Code Katas: The Stack

I explored in my previous post the idea of a coding kata. I expressed that I did not think just any exercise was worthy of being called a kata, because not all exercises are worth of practicing more than a few times. But there are concepts in computer science that are worth repeating again and again, to become a better programmer.

What brought this first to my attention was Uncle Bob’s screencast on the Stack kata where he demonstrated Test Driven Development implementing the Stack data structure.

As a kata, it’s beautiful. It’s a fundamental concept that could be implemented in many different ways. Also, interestingly, it would be implemented differently in different languages. So there is a lot to explore here.

Before putting forward the tests Martin used, I’ll recap what a Stack is.

A stack works like a stack of plates.

  • The first items into the stack are the last items to be taken off.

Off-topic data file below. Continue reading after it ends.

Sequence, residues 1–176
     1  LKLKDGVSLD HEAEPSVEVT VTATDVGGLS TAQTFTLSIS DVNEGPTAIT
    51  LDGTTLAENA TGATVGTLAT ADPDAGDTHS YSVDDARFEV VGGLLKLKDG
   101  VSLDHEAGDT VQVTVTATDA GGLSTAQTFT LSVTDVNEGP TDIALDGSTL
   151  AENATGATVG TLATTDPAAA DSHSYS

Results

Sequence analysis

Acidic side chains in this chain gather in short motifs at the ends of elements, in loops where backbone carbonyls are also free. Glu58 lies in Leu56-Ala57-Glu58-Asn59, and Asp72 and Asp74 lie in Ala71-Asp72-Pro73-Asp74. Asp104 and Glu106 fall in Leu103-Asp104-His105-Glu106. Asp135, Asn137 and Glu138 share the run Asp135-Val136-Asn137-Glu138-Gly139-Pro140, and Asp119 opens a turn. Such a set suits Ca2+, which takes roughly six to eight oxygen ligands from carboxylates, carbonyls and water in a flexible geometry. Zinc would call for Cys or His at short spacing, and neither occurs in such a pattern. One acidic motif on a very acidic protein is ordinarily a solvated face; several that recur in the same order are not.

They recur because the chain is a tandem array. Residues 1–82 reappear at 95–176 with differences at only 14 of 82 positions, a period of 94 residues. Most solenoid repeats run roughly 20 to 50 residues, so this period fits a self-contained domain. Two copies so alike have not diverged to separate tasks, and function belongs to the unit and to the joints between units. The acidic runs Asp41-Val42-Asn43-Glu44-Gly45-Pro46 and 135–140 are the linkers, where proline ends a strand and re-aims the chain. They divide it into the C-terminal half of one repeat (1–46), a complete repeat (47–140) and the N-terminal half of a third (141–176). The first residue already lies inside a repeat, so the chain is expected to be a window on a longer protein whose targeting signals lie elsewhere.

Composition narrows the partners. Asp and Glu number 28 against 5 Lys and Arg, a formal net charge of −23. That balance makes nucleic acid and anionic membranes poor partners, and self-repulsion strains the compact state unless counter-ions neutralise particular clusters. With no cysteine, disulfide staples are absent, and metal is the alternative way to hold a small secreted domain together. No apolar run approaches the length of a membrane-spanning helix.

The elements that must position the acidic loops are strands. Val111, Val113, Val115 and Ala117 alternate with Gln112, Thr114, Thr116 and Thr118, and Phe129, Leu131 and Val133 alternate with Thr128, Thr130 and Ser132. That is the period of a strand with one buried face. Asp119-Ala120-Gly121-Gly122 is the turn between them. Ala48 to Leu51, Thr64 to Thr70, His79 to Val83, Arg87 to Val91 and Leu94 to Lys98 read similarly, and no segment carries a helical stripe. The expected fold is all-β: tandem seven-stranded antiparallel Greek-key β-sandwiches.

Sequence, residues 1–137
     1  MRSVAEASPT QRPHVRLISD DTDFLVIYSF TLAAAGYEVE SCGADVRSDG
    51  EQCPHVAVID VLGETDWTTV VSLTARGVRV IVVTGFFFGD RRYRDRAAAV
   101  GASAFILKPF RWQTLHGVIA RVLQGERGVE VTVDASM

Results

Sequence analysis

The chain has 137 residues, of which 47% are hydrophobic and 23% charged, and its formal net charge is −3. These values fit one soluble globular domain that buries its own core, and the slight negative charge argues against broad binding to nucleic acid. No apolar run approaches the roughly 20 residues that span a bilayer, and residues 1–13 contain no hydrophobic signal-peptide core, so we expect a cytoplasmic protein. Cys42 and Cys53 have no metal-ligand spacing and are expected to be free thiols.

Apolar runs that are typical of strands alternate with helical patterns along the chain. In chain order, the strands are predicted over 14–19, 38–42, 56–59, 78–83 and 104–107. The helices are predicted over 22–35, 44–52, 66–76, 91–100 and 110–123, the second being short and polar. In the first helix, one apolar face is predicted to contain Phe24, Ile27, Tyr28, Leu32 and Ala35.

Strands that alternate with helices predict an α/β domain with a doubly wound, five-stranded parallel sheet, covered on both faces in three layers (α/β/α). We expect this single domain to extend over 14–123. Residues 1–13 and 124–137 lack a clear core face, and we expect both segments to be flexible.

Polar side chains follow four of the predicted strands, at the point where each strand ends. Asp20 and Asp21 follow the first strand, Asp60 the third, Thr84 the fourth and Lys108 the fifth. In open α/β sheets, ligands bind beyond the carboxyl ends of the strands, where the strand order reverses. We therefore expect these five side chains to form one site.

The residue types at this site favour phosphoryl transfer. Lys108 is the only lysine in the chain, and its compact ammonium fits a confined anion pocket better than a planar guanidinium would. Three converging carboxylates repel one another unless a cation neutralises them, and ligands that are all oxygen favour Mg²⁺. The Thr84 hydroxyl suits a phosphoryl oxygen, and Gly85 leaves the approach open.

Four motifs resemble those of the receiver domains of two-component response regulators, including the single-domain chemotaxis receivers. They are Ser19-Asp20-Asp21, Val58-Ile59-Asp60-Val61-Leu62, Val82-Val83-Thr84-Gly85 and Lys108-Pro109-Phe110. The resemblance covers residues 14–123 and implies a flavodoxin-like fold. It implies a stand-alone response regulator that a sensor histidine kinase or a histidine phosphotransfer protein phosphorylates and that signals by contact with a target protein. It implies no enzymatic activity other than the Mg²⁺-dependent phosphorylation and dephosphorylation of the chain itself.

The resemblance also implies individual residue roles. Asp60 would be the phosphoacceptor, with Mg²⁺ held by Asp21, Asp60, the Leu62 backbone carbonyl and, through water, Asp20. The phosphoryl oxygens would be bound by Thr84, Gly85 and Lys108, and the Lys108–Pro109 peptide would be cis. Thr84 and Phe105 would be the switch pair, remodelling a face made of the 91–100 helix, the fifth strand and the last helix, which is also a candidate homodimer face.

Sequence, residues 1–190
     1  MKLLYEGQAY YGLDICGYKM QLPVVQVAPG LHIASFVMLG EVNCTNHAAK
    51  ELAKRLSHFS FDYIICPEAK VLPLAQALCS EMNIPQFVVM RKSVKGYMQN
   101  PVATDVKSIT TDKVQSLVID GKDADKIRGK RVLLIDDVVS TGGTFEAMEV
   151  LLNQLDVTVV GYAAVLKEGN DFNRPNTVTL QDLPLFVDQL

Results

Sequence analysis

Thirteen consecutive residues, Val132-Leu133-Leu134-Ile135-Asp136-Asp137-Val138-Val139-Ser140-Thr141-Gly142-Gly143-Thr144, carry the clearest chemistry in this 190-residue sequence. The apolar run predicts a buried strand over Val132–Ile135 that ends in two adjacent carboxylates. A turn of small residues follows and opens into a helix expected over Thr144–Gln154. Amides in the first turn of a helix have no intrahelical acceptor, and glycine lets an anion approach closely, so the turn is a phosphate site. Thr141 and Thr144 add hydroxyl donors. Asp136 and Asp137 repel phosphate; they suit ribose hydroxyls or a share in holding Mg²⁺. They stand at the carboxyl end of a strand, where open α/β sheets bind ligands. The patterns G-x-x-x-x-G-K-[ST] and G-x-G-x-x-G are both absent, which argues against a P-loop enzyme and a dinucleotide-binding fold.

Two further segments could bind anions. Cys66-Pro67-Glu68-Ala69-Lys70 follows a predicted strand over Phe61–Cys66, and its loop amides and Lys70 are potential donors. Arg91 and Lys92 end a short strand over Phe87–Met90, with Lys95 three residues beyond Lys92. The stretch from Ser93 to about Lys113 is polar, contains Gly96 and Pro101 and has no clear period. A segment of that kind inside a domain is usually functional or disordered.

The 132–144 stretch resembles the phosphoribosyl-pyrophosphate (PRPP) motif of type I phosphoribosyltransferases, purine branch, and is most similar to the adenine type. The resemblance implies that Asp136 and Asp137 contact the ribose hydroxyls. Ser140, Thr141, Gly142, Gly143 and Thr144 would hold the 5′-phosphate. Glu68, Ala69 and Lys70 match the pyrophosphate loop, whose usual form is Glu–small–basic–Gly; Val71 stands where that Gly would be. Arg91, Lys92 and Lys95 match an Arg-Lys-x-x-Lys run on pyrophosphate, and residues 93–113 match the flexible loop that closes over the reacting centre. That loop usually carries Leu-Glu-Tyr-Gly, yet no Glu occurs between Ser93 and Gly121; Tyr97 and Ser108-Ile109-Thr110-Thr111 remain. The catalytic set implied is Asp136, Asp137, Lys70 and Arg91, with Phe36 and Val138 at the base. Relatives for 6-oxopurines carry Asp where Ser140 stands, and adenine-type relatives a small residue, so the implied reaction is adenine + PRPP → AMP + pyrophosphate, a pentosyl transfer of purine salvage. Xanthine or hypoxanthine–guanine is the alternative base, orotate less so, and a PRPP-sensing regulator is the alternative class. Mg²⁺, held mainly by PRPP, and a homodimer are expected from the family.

• If you have a limit to how many plates will fit on your shelf, you can’t fill it too high.
  • You can’t remove from a stack if it’s empty.

That’s basically it.

Here are the tests that Uncle Bob lays out in his screencast.

  1. Can create Stack object.
  2. Newly created stacks should be empty.
  3. After one push, stack size should be one.
  4. After one push and one pop, should be empty.
  5. When pushed passed limit, stack overflows.
  6. When popped passed limit, stack underflows.
  7. When two values are pushed then one is popped, size is one.
  8. When one is pushed one is popped.
  9. When one and two are pushed two and one are popped.
  10. When creating stack with negative size, should through IllegalCapacity.
  11. When creating stack with zero capacity, any push should overflow.
  12. When one is pushed, one is on top.
  13. When stack is empty, top throws empty.
  14. With zero capacity stack, top throws empty.
  15. Given stack with one two pushed, find one and two.
  16. Given a stack with no two, find two returns null.

In my implementation and the tests I used, I ignored everything relating to capacity (5,10,11,14) because I implemented my stack in JavaScript. I could implement overflows, but JavaScript does not require a capacity when instantiating an array.

Want to give it a shot yourself? Post your implementation in the comments.